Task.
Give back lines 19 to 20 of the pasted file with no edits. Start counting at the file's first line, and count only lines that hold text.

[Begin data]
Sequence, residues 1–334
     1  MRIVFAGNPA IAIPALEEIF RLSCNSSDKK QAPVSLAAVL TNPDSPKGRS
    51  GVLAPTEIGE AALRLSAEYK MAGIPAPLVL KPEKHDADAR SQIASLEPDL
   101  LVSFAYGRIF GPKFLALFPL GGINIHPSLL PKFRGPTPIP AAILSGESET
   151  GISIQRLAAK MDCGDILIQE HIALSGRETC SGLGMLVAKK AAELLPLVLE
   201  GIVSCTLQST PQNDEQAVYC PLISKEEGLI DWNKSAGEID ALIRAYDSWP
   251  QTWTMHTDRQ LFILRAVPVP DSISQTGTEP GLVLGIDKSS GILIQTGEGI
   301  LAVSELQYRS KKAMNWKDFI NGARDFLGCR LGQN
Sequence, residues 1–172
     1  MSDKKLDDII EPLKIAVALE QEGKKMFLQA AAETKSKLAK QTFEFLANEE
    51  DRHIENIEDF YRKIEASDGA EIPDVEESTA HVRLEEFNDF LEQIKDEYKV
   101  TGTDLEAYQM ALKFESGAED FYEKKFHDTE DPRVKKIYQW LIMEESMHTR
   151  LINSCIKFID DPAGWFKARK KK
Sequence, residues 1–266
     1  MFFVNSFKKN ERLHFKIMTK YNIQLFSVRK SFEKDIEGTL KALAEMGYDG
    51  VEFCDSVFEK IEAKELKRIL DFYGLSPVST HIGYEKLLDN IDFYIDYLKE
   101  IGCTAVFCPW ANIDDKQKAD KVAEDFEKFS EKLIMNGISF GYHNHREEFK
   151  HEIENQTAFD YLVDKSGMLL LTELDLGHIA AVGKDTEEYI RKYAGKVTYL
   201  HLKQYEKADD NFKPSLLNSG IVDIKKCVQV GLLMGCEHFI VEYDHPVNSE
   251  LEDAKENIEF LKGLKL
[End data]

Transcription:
   201  HLKQYEKADD NFKPSLLNSG IVDIKKCVQV GLLMGCEHFI VEYDHPVNSE
   251  LEDAKENIEF LKGLKL